Beacon Hill, situated just north of Boston Common, is one of the city’s oldest—and most beautiful—neighborhoods. A stroll down any of the narrow gas-lit streets will take you past bow-fronted Federal-style brick row houses that recall the eras when architect Charles Bulfinch, author Louisa May Alcott, and Supreme Court Justice Oliver Wendell Holmes, Jr., resided here. More recent residents have included poets Robert Frost (Hon.’61) and Sylvia Plath, former Senator and Secretary of State John Kerry (Hon.’05), and actress Uma Thurman.
Once owned by William Blaxton, the first European to settle Boston, the area was then known as Tri-mount, or Tremont, because of its three peaks, and was later sold to the Puritans. The peaks were shorn off in the early 1800s so the area around them could be turned into buildable land. The neighborhood got its name from the hill that was topped by a beacon, which once alerted Bostonians of danger.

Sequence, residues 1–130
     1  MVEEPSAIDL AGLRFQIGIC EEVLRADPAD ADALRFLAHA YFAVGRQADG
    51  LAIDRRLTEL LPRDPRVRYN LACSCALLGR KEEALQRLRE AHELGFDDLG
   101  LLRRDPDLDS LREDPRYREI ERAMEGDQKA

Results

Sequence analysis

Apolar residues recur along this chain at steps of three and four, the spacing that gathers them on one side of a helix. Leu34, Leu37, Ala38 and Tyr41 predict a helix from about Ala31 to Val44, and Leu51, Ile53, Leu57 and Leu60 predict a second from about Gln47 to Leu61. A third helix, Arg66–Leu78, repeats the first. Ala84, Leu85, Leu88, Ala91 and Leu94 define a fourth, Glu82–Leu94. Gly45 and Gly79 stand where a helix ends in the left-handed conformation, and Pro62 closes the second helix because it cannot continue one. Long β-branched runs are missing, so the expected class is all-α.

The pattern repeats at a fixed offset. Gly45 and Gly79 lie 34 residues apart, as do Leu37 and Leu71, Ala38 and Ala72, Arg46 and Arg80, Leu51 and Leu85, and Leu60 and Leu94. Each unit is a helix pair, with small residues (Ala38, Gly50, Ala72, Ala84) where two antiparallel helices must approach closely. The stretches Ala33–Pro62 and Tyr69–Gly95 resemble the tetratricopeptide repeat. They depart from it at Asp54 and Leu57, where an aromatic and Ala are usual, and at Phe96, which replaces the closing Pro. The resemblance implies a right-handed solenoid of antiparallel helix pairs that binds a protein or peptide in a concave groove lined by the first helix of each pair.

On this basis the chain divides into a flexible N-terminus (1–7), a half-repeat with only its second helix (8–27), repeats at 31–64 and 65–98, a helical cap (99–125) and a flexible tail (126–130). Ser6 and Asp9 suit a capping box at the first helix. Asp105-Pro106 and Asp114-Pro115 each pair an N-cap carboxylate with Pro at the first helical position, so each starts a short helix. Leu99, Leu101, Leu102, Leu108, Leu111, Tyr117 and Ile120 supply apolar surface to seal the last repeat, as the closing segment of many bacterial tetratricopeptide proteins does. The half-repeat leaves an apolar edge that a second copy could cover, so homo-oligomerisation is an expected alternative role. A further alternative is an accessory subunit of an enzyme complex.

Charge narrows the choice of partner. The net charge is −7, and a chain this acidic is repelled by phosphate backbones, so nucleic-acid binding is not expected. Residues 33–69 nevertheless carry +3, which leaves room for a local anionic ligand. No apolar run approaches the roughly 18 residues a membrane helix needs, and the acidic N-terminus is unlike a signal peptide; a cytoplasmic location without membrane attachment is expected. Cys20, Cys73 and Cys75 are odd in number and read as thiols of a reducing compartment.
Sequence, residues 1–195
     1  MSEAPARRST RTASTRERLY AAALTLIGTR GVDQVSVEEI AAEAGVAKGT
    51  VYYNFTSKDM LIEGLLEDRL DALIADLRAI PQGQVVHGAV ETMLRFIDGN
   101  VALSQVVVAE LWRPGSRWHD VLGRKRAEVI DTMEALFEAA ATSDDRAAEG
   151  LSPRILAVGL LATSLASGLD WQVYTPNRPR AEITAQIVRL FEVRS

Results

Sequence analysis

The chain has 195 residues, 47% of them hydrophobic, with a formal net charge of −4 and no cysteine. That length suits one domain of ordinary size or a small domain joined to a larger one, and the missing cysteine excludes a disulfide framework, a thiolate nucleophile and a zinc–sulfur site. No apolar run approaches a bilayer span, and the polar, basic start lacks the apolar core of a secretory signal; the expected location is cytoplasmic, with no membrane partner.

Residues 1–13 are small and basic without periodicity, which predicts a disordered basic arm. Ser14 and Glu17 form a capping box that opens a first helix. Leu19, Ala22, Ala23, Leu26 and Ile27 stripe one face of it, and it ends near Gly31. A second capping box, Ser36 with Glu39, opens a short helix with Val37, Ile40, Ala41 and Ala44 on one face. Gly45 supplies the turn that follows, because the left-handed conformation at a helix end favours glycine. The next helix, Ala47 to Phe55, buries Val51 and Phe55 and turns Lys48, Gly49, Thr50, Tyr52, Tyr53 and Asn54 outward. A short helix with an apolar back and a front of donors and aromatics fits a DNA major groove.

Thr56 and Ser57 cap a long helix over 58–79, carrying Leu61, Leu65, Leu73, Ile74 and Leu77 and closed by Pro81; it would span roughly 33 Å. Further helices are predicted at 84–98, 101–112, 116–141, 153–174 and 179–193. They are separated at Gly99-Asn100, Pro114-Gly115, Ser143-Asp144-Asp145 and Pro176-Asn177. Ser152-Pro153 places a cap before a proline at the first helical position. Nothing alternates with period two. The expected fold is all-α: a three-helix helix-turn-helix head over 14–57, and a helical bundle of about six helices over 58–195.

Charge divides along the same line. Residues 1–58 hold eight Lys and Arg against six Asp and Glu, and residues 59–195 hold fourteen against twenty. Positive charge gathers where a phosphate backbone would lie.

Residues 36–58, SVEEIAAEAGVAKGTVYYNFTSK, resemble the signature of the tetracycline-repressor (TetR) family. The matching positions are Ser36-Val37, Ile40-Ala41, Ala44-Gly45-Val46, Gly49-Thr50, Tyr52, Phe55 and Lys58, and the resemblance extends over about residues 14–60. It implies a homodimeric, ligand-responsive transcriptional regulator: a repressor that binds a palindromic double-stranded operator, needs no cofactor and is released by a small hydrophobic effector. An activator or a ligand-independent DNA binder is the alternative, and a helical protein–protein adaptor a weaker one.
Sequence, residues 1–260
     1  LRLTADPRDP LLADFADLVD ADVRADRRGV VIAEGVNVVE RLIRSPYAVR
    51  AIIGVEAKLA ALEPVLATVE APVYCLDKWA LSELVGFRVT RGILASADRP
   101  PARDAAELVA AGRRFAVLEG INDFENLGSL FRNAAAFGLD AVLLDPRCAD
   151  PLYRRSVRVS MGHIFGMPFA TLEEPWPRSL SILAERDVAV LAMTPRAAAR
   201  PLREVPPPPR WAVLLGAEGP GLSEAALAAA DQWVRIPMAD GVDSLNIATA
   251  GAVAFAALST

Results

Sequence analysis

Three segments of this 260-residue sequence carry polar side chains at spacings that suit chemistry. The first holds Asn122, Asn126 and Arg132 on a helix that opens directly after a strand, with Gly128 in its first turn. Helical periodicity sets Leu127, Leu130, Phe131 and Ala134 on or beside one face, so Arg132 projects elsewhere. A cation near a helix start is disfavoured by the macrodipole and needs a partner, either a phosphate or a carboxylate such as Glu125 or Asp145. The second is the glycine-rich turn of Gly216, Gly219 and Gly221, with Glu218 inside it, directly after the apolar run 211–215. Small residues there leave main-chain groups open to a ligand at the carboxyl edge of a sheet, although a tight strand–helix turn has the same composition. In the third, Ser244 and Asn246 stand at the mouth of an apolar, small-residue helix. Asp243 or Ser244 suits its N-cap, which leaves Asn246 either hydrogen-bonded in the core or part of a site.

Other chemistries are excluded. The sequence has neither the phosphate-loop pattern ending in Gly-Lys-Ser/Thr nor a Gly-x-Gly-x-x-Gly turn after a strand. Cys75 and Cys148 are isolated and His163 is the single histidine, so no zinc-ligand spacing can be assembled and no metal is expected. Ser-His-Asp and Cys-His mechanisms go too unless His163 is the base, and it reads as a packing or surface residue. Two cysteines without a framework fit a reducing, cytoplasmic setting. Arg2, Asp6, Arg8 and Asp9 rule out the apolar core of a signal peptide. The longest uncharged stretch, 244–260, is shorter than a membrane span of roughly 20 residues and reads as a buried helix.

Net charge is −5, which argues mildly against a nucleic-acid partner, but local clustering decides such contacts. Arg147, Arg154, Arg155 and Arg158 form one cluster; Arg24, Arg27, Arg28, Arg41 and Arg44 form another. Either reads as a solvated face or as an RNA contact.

During the 19th century, the area was home to both the richest and the poorest Boston residents. On the south side lived some of the Hub’s most patrician families, the so-called Boston Brahmins, and the less prosperous north slope was home to many African Americans, a center for black and white abolitionists, and an important station on the Underground Railroad.
Today Beacon Hill is one of the city’s most exclusive residential neighborhoods. Pricey one-of-a-kind boutiques and antique stores line Charles Street, a draw for residents and tourists alike. But the neighborhood also offers some affordable (or free) pleasures. Below, we’ve put together a list of places you won’t want to miss.
Boston Common is the oldest public park in the country. It began as 44 acres held in common by Puritan colonists as grazing land for their livestock. Today, it’s a lovely 50-acre green oasis lined with benches …